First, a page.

Alternative Expense

Report: Coal Phaseout to Cost €72 Billion

coal power plant neurath in grevenbroich source dpa
The Neurath coal-fired powerplant in Grevenbroich in northwest Germany. An exit from coal power, which generates 40 percent of the country's electricity, would cost taxpayers €72 billion, according to a new study.
  • Why it matters

    Why it matters

    Environmentalists want to shut down Germany’s coal-fired power plants, which supply 40 percent of electricity. But the price tag — estimated by one group to be €72 billion — raises new questions about whether overburdened German utility customers can afford to foot the bill.

  • Facts


    • An energy institute in Cologne estimates it would cost German taxpayers €71.6 billion ($81.7 billion) if the country phases out its coal-fired power plants in favor of alternative energy sources.
    • Germany is already on track to shut down its nuclear power plants by 2022.
    • Phasing out coal would reduce German CO2 emissions by 859 million tons by 2045, which would not be enough to help the country meet its own reduction goals.
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Germany may have one of the world’s most ambitious plans to convert to renewable energy, but it is also a country that still relies heavily on coal, much to the dismay of environmental groups.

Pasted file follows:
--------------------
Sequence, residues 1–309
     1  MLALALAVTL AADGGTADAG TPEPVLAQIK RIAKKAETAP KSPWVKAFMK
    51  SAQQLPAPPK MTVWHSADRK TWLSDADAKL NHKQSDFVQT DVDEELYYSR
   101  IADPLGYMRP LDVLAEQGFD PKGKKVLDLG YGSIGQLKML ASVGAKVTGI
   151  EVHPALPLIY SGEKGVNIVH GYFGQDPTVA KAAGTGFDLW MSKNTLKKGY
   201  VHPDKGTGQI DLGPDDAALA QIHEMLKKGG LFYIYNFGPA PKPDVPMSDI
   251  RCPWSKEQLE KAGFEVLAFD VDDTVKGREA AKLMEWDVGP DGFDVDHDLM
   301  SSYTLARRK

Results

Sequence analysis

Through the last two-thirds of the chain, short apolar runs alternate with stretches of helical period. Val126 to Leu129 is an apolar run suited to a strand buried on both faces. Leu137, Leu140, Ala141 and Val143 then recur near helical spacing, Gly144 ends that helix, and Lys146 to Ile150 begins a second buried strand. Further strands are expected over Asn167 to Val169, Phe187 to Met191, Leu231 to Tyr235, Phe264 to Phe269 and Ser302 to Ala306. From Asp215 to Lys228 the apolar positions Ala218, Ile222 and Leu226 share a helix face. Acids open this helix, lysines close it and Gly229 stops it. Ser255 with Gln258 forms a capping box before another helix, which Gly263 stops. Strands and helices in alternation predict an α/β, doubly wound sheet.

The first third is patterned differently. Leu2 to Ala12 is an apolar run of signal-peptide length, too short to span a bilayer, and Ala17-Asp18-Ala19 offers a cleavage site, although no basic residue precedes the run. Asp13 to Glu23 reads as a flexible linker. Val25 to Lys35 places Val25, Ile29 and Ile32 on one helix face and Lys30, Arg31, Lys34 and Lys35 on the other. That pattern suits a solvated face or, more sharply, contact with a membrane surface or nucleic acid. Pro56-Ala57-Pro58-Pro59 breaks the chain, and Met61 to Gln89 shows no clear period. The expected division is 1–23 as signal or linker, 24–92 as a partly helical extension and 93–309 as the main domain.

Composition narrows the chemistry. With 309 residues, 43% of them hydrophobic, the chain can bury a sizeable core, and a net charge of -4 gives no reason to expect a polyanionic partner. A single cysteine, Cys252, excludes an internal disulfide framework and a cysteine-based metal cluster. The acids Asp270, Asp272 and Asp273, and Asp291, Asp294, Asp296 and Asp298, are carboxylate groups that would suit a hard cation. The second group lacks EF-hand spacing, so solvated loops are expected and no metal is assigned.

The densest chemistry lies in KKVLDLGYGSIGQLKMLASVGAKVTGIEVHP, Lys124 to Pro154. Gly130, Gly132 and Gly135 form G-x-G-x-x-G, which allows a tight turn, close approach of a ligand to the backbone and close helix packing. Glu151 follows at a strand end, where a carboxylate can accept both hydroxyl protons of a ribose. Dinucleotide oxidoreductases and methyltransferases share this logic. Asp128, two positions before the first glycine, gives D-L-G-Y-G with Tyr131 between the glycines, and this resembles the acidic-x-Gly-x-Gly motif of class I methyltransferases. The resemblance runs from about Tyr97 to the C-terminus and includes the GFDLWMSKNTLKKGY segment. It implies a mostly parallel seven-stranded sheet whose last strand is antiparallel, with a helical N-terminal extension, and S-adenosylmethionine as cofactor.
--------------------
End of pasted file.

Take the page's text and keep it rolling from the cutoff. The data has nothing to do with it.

The Germany branch of Friends of the Earth Germany, BUND for short in German, called coal-fired power plants “the focal point of environmental destruction” and said it would organise an anti-coal demonstration this coming weekend in the coal regions east of Berlin.

BUND, which has 500,000 members, is the largest environmental group in Germany, and by no means alone in its criticism of coal. The anti-coal legions have support across the political spectrum.

Phasing out coat quickly will not be easy. A new study by the Institute of Energy Economics at the University of Cologne estimates that eliminating the use of coal-fired plants between 2020 and 2045 will cost the country some €71.6 billion ($81.7 billion).

Most of these costs will come from switching from cheap coal to the more expensive natural gas. Most of the extra expense would be passed on to German consumers, who already pay some of Europe’s highest utility bills.

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